Tuesday, 2 June 2009

Jacqui Jumps

Preferring not to wait until she's pushed, Smith has jumped from the Home Office cabinet post she so richly didn't deserve. Presumably she's decided to spend more time with her bath plugs and to tackle the thorny problem of weaning her husband off his porn habit.

What are the implications of this surprise resignation ahead of the Euro and local elections on Thursday? Well, the Spectator called it yesterday, with James Forsyth prophesying:
Whenever word gets out that a reshuffle is underway, the rumour mill goes into overdrive—no speculation it too outrageous or too thinly sourced to make the rounds. So there’s a danger that Ministers could think, wrongly, that they’re going to be dropped or demoted and decide to get their retaliation in first.
I'm not sure this is quite an example of that - she was an epically useless Home Sec and wanted to quit anyway - but given that Number 10 appears to have totally lost control of not only the news agenda (Queen's snub over D-Day, for instance) but also their own economic policy on the car industry (LDV re-enters administration), it is true to say that it is the first sign of that 'chaos' to which Forsyth referred.

The fact, for instance, that they have another dead man walking in Alistair Darling coming out on Sky this afternoon to try to explain why Smith had gone speaks volumes about how limited Brown's scope for change in any reshuffle now is. Better than half his cabinet, including his Chancellor, are tainted by the expenses scandal, with Geoff Hoon the latest double claimer forced to pay back the cash he nicked. He is also one of the Labour ministers who benefited so richly from the 2004 rule change on flipping that Brown denied all knowledge of in a bizarre exchange during an interview with Adam Boulton yesterday.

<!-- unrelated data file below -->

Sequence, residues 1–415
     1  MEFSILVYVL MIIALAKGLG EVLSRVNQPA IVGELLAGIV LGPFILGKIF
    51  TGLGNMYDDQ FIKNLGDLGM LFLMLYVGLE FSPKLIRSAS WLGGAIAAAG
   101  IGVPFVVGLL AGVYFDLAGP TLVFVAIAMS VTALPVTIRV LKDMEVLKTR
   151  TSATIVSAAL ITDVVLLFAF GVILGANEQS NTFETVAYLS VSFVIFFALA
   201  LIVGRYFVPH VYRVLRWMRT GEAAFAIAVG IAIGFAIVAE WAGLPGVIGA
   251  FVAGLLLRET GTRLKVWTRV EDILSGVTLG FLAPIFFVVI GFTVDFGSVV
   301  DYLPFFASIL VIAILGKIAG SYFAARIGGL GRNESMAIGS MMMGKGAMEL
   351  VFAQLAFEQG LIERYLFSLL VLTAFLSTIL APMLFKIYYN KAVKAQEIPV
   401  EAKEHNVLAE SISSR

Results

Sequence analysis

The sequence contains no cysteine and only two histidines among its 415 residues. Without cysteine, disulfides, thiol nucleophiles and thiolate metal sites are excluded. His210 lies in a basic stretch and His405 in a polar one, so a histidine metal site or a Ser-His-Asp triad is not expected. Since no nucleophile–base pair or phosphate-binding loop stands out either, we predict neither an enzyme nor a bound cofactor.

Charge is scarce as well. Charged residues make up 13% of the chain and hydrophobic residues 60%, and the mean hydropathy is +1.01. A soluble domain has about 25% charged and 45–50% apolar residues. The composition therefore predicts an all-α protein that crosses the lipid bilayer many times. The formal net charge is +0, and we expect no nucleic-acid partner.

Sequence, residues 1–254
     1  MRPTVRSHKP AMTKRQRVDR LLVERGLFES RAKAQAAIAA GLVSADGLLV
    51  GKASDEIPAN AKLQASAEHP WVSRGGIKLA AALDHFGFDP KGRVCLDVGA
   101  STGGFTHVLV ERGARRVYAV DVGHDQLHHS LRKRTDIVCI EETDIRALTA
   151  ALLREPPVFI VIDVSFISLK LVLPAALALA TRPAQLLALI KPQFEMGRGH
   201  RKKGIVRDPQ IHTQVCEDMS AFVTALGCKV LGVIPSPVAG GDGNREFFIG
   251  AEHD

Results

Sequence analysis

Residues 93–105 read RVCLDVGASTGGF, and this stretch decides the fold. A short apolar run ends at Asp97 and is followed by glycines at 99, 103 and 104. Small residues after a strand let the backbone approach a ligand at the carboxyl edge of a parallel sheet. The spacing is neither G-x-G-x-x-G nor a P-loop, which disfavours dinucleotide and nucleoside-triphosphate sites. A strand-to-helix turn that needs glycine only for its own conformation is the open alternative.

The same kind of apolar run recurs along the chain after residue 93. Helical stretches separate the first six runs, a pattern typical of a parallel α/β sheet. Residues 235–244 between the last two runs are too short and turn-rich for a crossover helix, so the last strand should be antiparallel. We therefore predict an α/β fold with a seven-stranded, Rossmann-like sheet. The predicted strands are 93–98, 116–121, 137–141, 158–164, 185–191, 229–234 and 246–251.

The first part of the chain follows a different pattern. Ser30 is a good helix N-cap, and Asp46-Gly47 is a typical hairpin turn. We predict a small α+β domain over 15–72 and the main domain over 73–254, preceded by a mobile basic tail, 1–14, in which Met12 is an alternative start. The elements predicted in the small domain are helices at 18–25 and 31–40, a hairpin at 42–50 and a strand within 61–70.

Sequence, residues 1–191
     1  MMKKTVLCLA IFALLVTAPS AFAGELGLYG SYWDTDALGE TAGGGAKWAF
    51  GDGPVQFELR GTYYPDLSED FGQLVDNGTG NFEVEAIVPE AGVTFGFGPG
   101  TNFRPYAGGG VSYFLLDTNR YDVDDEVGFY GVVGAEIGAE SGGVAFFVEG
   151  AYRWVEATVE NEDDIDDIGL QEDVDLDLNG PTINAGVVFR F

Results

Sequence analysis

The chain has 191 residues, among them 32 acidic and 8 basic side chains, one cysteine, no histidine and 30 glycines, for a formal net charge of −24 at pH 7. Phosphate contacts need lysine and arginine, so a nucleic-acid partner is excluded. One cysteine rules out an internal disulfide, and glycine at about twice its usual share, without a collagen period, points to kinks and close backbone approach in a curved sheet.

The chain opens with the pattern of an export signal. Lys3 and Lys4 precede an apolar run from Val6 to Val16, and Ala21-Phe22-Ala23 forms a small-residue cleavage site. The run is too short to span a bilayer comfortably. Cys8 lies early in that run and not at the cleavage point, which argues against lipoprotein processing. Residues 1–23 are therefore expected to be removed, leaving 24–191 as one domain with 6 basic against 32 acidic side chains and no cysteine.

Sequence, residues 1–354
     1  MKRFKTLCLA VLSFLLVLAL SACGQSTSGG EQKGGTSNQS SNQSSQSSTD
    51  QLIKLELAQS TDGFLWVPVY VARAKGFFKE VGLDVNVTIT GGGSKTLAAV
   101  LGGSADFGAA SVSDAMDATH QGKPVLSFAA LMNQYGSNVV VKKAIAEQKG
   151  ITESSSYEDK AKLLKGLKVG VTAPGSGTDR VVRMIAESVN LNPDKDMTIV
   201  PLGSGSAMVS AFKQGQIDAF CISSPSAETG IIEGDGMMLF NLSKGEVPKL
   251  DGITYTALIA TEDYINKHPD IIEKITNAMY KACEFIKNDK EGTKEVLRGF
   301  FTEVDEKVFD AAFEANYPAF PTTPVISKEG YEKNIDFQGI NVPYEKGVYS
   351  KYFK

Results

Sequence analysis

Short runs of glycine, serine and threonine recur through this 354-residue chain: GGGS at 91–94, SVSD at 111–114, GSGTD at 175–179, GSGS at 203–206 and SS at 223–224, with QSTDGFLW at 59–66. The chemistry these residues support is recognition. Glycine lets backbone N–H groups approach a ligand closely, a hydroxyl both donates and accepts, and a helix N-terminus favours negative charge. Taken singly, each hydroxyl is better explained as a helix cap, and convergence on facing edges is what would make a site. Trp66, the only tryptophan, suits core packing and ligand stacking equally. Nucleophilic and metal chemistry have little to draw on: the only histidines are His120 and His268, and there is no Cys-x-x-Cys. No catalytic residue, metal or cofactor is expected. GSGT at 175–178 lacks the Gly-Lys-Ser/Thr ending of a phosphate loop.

As Fraser Nelson says this afternoon, what Smith's departure really does emphasise is Brown's helplessness. He goes on:
This gives her a bit of dignity, and will frustrate Gordon Brown who would have liked to announce this himself. The reshuffle is one of the few weapons left in his arsenal - with Labour's poll rating now below room temperature, he is about to lead the party into what will doubtless be its worst-ever defeat. And he'll look more helpless now; given he can't control his own reshuffles in a timely way.
As it all begins finally to unravel only one question really remains: can Brown hang-on as leader? Now that he has lost what was, apparently, his only 'unique selling point', (however mythical) - his control over his party - I still maintain he will be knifed in the back, shown the door, quietly asked to leave: whatever the method of his removal, he will be removed. Why? Because there are strong signs that it is finally dawning on the Labour donkeys that there is one, consistent, unifying feature of this vortex of national tribulation and political chaos they (we!) are having to suffer - and he lives in Number 10.

Not for much longer.

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